WHO declares popular artificial sweetener possible carcinogen

"Miami, USA - March 17, 2013: Market Pantry Zero-Calorie Sweetener with Aspartame 200 packets 7 OZ box. Market Pantry brand is owned by Target Corporation."
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The artificial sweetener aspartame has long been considered the dieter’s friend because of its ability to sweeten foods without the caloric or glucose impact of table sugar.  Since 1974, some of the biggest brands in the food industry have used it to replace sugar in their “diet foods and drinks”.

However, a recent study raised some serious concerns about the use of aspartame for human consumption, leading the International Agency for Research on Cancer (IARC), an agency under the purview of the World Health Organization (WHO), to declare the substance “possibly carcinogenic to humans.”

And the big food brands are not very happy about it.

Editor’s note: I do NOT consider the World Health Organization a trustworthy health “authority” … but, when this corrupt agency declares artificial sweeteners a cancer trigger – you can imagine how bad this is for human health.  I’ve been warning our readers about the danger for years!

Breaking News: Alarming evidence emerges as WHO considers declaring aspartame a potential carcinogen

Aspartame has long been the sugar replacement go-to for many major food brands.  It was discovered by James Schlatter in 1965 and, by 1974, had gained favor with the Food and Drug Administration (FDA), which approved its use as a sweetener and dry base for gelatins, puddings, dairy, drinks, and other foods.  In 1996, the FDA approved it as a general sweetener, and the big food brands eagerly jumped on the bandwagon.

While aspartame is considered a “diet food” product because it is up to 200 times sweeter than sugar but does not have the caloric impact of sugar, it is also found in other foods.  Today, it is one of the most common sweeteners on the market, and the most popular mega brands in the world use it in their diet products.

Now the IARC is looking to add aspartame to its list, Group 2B, as “possibly carcinogenic to humans.”  However, this is not the first issue raised about the substance.  It has a long list of health conditions it is linked to, such as birth defects, diabetes, epilepsy, emotional disorders, migraine, and more.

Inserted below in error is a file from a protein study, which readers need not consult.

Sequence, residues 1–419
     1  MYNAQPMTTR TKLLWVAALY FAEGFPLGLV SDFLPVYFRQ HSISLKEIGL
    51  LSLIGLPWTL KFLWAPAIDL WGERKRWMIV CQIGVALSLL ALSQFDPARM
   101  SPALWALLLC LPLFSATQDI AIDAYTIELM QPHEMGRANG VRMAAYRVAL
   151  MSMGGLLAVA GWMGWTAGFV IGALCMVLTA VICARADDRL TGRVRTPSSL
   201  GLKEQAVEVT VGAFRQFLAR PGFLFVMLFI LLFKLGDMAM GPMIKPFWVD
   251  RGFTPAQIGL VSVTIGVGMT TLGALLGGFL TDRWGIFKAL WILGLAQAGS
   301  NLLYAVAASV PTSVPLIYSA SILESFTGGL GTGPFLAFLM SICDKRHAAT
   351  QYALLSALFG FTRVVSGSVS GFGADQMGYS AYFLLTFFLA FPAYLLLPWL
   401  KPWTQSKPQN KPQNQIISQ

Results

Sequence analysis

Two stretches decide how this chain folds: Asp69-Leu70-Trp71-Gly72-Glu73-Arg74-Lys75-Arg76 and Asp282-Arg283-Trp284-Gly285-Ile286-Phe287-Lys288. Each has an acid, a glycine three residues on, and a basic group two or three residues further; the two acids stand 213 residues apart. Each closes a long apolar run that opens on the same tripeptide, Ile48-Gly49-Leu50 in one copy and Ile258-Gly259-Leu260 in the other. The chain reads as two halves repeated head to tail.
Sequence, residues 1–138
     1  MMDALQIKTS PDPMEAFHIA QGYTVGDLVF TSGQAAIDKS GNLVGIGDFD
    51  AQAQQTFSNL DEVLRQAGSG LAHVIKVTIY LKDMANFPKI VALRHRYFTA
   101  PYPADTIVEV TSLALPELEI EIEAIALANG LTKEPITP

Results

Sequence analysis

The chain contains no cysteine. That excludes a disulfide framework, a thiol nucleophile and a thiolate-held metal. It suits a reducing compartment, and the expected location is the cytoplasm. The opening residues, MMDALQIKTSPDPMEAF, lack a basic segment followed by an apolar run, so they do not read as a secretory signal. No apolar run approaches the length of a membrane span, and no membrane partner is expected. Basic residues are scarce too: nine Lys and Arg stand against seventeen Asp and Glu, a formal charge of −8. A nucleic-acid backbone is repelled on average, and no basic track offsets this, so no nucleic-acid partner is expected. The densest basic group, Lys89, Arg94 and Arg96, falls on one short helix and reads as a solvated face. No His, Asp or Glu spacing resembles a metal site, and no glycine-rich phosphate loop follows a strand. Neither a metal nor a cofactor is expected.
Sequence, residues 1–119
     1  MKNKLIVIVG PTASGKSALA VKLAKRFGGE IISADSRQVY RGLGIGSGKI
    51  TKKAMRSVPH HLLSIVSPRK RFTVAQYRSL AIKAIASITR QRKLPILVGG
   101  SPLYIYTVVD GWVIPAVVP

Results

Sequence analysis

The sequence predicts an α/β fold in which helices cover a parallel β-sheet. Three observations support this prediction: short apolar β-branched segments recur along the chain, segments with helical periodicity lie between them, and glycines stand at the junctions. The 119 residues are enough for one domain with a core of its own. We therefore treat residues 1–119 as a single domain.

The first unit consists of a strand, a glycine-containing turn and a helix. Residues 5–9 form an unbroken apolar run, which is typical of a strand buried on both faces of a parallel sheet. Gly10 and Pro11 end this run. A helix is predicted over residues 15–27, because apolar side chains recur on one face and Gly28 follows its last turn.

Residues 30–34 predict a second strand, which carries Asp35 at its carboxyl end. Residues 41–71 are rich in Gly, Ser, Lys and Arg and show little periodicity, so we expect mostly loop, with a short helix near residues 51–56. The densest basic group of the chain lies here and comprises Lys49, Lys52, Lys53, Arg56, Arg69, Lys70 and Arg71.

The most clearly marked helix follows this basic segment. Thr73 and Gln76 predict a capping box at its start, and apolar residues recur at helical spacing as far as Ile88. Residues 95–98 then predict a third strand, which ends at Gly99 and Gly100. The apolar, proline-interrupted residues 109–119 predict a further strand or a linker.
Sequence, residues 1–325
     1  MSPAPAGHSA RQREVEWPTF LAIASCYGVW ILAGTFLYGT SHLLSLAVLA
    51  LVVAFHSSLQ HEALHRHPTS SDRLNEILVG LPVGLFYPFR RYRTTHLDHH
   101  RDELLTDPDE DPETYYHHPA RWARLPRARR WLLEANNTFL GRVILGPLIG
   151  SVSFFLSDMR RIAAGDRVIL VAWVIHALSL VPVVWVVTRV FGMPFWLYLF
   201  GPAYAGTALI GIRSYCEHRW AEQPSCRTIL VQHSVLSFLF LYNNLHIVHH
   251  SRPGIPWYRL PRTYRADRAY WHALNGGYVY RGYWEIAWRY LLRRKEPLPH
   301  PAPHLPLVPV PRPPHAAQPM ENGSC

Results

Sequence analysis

Study reveals disturbing link between high aspartame consumption and elevated cancer risk

The IARC is poised to take a significant step forward, prompted by a groundbreaking study published in 2022 in PLOS Medicine.  The study establishes a disturbing connection between high aspartame consumption and an elevated risk of obesity-related cancer and breast cancer.  While the IARC’s evaluation does not consider safe consumption thresholds, it does rely on this study as a pivotal basis for its guidance.

Furthermore, mounting scientific evidence reveals that aspartame poses more harm than benefit to the human body.  A study conducted in December 2022 has even linked this artificial sweetener to anxiety in mice, corroborating earlier research findings.  Most concerning is that this particular study uncovered a potential transgenerational effect, with anxiety persisting for up to two generations.

These findings cannot be taken lightly, as they underscore that the dangers of aspartame reach far beyond temporary discomforts like headaches or stomach upsets.  Scientific evidence paints a grave picture of the potential for severe damage to the human body.

What do major food brands say?

As expected, the major food brands are none too happy about the declaration.  This has the potential to upset many mega food brand apple carts, and they are railing back.  American Beverage, a trade association representing brands like Coca-Cola Co, PepsiCo, and others, issued a statement to Forbes defending the use of aspartame.

Naturally, they attempted to discredit the IARC by downplaying its ability to effectively assess food safety, saying that it is not a food safety agency.  At the same time, it countered that the FDA is a food safety agency and it, as well as others, have found aspartame to be safe.

In 1981, the FDA set aspartame’s acceptable daily intake (ADI) as 50 milligrams per kilogram of body weight per day.

But this was 1981.  Science has made tremendous strides in so many areas since then.  For instance, in 1981, smoking was largely accepted.  People were able to smoke on airplanes, in restaurants, and even in hospitals.  Further, it wasn’t until the mid to late 1980s that scientific research established the dangers of smoking during pregnancy.

And the tobacco companies railed against those studies, too – but those studies were proven to be absolutely true.

We can’t hold on to research from decades ago just because it supports the agenda of mega food companies whose primary motivation is profit.

Cut your cancer risk by saying NO to aspartame

The best way to cut your cancer risk is to avoid the use of aspartame.  That may be easier said than done, but it can be done.

Read food labels, even on foods that you would never suspect of having aspartame.  It is added to many foods, even those that are not marketed as “diet” or “sugar-free.”

Focus on eating fresh organic foods.  Avoid al highly processed foods and stick to fresh, organic fruits and vegetables, nuts, seeds, and grass-fed meats.

Avoid “diet” sodas and juices.  Stick to water or make your own fresh juice.  Beware of using water enhancers, though.  Many contain aspartame.  Again, read the labels.

Just say NO to aspartame.  If enough people put those products down, it will spark changes in the food industry on a much larger scale.

By Steve

Disclaimer: This is not a medical advice, use your own discernment and article her may not reflect the opinion of GQ.

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